I’ve been thinking lately about how far removed we are from our food. What’s brought this to mind is the fact that I now have a blind chicken living in its own personal hutch custom built and attached to the garage. When this chicken survived its horrendous attack by the other chickens, my first thought was – Sunday dinner! I’m sure you’re shuddering. But really, we have 31 other perfectly good chickens and here is just one more chore waiting to happen. Why shouldn’t we butcher it? My children have lots of arguments for saving the life of “Kernel” (named after the ill-fated Popcorn who was carried off by a hawk), none of which amount to anything more than “how could you?”.
When I mention my disappointment to friends, they ask, “Could you really kill it?” I don’t know. Maybe. I’ve never had the opportunity. But I’ve been thinking that if I’m going to eat meat, I really should be able to kill the animal that supplied it. We all should. Don’t get me wrong – I think it would be incredibly hard. I’m certain I would have nightmares afterward and shed plenty of tears in the process, but I also think that morally I shouldn’t be eating meat if I can’t do the deed.
Not that long ago, everyone killed the animals that supplied the meat for their dinner. My father-in-law likes to horrify us all by demonstrating with a waving arm how he killed chickens back in his day. After watching the movie, Food Inc., I was convinced that we needed to raise our own chickens for meat. I explained, carefully, to the kids that these chickens would be so much better off than the chickens in the film. They would live happy, carefree lives right up until the moment we butchered them. No dice. I haven’t given up hope, though. They are petitioning to let our two broody hens hatch the eggs they have to be pried off of each night. I’m willing to make a deal here. But they haven’t yet decided that the joy of watching the girls hatch our own chicks would offset the final end for some of these precious chicks.
How many of us really know what we’re eating? We’ve become so far removed from creating our own food that most of us have to look up how to boil an egg or make a pie crust. Our grandparents could do these things in their sleep. I can’t help but wonder how the waistlines of Americans might be effected if they had to make all their own foods. If we ate only what we created with our own hands from ingredients purchased whole or grown ourselves, I bet we’d lose some serious weight. Maybe I should create a diet, called “Made (and Lost) From Scratch”.
Recently I came across an article with a quiz in it. It listed the ingredients in the average breakfast cereal, cracker, cookie, and bread. Then it asked the reader to identify which was which. It was impossible. In fact, you wouldn’t even recognize the group of ingredients as any food because most of the lengthy list would have been hard to pronounce. I love this quote –
“If you are what you eat and you don’t know what you’re eating, do you know who you are?” (anonymous)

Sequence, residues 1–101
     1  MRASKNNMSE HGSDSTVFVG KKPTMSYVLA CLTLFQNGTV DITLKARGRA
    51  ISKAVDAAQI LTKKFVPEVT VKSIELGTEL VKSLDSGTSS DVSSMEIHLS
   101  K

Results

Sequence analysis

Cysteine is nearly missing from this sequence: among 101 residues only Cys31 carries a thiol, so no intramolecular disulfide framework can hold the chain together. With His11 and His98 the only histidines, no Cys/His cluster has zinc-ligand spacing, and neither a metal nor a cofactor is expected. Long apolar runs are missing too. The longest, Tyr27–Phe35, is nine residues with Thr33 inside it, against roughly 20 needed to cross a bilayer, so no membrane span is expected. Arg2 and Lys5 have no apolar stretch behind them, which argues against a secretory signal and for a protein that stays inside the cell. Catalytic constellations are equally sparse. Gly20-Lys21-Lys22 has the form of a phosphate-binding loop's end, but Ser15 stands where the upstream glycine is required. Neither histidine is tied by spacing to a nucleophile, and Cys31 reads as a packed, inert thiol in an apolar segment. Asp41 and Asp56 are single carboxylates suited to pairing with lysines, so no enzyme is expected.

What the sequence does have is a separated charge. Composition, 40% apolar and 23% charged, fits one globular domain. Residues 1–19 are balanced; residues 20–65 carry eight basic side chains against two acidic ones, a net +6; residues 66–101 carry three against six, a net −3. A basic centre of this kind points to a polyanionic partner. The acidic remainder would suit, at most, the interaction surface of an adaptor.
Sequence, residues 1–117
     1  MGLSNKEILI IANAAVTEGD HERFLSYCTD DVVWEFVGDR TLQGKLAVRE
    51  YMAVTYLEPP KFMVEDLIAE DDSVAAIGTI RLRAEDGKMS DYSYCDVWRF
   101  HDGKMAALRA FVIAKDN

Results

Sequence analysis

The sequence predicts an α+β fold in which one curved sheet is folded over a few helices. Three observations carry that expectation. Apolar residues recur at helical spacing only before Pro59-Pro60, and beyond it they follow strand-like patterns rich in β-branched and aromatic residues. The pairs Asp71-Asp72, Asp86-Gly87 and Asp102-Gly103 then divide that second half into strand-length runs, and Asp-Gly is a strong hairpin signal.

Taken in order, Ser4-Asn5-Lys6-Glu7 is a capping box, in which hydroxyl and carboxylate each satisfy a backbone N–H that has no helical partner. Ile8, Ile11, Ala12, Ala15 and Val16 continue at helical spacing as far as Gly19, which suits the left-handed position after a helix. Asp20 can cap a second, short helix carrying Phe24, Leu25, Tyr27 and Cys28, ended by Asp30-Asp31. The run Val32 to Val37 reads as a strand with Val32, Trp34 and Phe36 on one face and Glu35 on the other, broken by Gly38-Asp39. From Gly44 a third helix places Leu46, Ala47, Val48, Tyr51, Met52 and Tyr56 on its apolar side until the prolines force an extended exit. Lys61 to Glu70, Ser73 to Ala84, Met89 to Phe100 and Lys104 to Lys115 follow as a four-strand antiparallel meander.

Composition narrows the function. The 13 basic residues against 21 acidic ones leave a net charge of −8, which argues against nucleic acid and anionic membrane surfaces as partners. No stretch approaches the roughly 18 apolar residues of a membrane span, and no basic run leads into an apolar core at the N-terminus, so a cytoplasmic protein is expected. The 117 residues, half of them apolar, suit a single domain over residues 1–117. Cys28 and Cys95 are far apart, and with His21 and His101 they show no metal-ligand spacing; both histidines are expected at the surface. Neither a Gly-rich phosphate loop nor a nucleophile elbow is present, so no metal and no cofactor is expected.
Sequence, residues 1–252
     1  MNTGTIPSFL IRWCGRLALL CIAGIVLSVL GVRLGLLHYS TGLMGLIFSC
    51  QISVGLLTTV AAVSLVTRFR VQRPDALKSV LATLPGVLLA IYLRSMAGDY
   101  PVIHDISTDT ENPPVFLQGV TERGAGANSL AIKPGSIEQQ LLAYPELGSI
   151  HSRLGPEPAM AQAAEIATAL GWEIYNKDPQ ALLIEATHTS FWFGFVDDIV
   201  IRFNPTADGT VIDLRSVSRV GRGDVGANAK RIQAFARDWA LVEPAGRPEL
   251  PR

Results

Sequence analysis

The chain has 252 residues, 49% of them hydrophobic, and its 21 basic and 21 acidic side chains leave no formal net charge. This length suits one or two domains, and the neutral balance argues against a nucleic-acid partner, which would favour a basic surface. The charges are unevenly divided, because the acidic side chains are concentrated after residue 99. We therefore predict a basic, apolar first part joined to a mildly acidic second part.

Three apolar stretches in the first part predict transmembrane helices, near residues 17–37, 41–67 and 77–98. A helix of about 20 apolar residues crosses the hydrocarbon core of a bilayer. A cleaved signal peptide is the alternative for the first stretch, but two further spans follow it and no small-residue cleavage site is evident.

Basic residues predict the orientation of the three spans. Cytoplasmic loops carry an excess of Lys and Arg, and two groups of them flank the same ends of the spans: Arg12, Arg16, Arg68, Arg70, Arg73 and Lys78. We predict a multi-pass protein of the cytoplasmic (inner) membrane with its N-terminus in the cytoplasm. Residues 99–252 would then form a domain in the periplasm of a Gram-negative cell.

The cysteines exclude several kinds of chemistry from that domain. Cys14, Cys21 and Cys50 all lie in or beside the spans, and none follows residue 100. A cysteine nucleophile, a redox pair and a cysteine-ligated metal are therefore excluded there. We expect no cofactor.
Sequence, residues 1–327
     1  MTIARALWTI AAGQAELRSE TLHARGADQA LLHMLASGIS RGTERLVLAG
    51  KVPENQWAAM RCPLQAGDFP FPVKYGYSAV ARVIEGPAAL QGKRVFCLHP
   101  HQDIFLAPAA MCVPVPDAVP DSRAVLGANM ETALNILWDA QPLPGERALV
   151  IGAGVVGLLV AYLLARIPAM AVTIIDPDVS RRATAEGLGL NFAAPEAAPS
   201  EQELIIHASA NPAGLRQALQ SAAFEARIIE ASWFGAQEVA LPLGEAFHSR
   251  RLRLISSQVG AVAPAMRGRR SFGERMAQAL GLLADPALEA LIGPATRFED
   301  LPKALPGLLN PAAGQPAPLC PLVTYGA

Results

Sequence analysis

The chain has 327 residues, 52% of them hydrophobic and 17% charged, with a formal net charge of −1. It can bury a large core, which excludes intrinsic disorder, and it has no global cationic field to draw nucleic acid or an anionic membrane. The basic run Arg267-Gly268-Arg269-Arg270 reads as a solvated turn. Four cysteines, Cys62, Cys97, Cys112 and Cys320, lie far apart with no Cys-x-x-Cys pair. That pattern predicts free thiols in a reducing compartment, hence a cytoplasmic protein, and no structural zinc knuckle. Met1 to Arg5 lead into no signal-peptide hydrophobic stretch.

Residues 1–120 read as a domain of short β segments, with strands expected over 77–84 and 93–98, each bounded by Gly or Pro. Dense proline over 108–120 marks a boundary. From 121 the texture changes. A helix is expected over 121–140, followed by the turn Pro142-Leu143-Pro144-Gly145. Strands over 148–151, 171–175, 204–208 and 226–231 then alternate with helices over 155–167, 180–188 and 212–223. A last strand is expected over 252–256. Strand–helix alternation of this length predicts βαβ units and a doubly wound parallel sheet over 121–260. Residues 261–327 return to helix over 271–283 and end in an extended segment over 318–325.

It’s funny, but it’s also a very poignant comment on the state of the average person’s diet.
The next time you’re shopping, pick up your favorite box of crackers or cereal and take a look at the ingredients. Do you know what they are? Cause if you don’t, you’re gambling your health (and possible your life) on the trustworthiness of some huge manufacturer whose main consideration is how much you’ll pay for said product. You’re also banking your life on our government’s ability to regulate the food industry. They wouldn’t allow companies to sell something that would endanger your health, right? Of course not, just like they wouldn’t allow you to have a mortgage you can’t afford. Or allow an oil company to drill miles deep in the ocean with no safety net.
You can buy my book Live Intentionally: 65 Challenges for a Healthier, Happier Life from Amazon. In it you'll find stories, recipes, resources, and motivation to create a more intentional life. If you've read it - I'd love a review on Amazon or Goodreads. Thanks a million!
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I'm a true believer in Living Intentionally. In fact, I wrote a book about it - Live Intentionally: 65 Challenges for a Healthier, Happier Life. I teach workshops on the topic and constantly seek to discover more ways to make every moment count.
I'm also a reluctantly busy mother of three remarkable children, one large partially-trained horse who seems to have a vested interest in unseating me, two bossy mares, an almost-daily changing number of chickens, one dog with impulse control issues but a sunny outlook, and 3 perfect kitties. I am blessed with an incredibly patient husband who can fix or build or tolerate almost anything. We live on 6 acres on a hillside in South Central Pennsylvania where anything left unattended ends up at the bottom in the creek (including the children).
My first novel will be published this summer (Aug 2015) by Story Plant. It is a work of womens fiction titled, I'm Not Her, which explores what it's like to live in someone else's shoes (quite literally), especially someone who is nothing like you (as far as you know).
I'm also currently seeking a publisher for my young adult novel, Blind Turn which tells the story of honor student and model daughter, Jem, in the aftermath of a deadly texting and driving accident.(If you'd like to publish it, contact my agent Tina Schwartz at The Purcell Agency!). I am currently at work on a new novel also for Story Plant. Shew! I'm busy.But it's a good busy.
In my spare moments, I run, hike, cook, and drink much too much wine. I also trail my teenage children around at games, concerts, and practices, embarrassing them whenever possible. To keep the chaos going, we're a foster dog family and welcome random strange dogs into our home on a regular basis.